Golf Course

Sheridan City pushed to improve Kendrick Course

Kendrick Municipal Golf Course

Sheridan City Council approved the lease of new equipment for the Kendrick Municipal Golf Course last week as part of a recent push to improve conditions at the course.

In March, the council increased Kendrick’s fees to bring them in line with other municipal golf courses in the region. City staff suggested that increase, in part, to help Kendrick staff implement plans to repair and improve the course.

The city hired Justin Bishop, who started working as the course’s superintendent in July, to oversee the enhanced maintenance plan and work with Kendrick golf pro, Brian James on making improvements to the course.

As the pair set about those efforts, however, city Public Works Director Lane Thompson said they were limited by their aging equipment.

“One of the things that were very apparent once we started down this path was that our equipment was very old and broke down,” Thompson said.

The equipment council approved the lease for Monday — which includes two green mowers, a fairway mower, two turf rollers, and a sprayer — will help golf course staff keep up day-to-day maintenance, Thompson said.

Though the work on Kendrick Municipal Golf Course has only begun, golfers have taken notice.

During Monday’s council meeting, Bob Sizemore, the president of the Kendrick Golf Association, said the renewed focus on maintaining the course is already evident, particularly in the condition of Kendrick’s greens and fairways.

And the improvements are encouraging more participation among players, he said.

“It’s only been a little over a month, month and a half, that the players have actually been able to see improvement,” Sizemore said. “And the difference between then and now is incredible really. Because the vibe out there has gotten so positive.”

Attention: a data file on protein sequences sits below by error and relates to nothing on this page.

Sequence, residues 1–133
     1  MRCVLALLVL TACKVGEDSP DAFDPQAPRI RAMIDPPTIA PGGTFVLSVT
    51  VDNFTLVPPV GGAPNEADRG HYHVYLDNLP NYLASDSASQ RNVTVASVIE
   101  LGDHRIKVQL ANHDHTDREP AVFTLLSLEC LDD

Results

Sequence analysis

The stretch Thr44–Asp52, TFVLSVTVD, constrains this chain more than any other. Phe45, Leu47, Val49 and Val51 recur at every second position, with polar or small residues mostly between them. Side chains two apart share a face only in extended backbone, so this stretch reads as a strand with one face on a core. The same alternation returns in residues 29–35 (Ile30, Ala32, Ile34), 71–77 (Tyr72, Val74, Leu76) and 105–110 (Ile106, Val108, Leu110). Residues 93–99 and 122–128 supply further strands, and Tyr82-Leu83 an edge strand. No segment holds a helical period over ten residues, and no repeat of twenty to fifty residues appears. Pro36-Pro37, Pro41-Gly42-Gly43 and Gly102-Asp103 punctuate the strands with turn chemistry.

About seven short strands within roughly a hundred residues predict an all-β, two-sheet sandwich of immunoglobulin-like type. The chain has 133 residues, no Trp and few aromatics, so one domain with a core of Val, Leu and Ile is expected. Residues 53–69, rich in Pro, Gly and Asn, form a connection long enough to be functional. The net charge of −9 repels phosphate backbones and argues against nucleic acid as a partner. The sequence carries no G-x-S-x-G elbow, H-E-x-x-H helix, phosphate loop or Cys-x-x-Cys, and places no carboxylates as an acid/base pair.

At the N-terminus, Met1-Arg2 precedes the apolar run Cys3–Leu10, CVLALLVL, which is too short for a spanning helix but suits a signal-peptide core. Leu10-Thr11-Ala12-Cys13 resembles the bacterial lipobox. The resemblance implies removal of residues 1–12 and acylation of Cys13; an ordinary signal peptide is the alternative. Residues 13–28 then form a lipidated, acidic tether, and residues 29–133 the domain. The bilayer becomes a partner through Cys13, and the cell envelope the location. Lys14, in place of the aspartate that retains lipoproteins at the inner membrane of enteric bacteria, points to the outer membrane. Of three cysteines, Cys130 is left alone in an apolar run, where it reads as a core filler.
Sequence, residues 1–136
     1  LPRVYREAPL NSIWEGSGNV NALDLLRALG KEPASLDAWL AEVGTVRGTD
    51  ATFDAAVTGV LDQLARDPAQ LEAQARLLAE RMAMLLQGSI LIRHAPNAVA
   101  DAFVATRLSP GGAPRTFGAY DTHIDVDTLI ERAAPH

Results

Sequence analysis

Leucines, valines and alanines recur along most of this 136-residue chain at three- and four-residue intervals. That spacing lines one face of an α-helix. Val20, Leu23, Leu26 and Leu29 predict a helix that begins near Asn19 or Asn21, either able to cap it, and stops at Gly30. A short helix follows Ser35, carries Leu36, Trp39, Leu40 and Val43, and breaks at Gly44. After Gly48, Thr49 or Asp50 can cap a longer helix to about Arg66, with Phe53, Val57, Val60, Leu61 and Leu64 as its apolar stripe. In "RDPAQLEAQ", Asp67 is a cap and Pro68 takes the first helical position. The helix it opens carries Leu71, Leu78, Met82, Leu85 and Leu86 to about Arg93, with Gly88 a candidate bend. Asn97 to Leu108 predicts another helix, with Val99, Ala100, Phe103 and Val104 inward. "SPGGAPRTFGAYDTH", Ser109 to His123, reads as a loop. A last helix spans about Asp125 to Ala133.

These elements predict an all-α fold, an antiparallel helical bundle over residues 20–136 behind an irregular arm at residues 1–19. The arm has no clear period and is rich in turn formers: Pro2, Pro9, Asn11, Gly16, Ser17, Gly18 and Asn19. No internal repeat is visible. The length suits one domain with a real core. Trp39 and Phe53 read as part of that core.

Sizemore said the association is not new, but its membership and activity had dwindled in recent years. The group is looking to reverse that trend, though, and has recently stepped up its efforts to recruit golfers.

“The Kendrick Golf Association is basically reinvigorating itself,” Sizemore said.

As improvements to the course continue, Sizemore said the Kendrick Golf Association intends to organize the course’s players to offer feedback to Kendrick staff and city officials while also organizing volunteers and funds to contribute to developing the course.

“We want to make Kendrick a destination golf course,” Sizemore said. “…We have a gem out there.”

The five-year lease on the new golf course equipment will cost Sheridan $36,543.60 per year. Thompson said the lease comes with a two-year bumper-to-bumper warranty on the equipment and an option to purchase a service agreement when that warranty ends.

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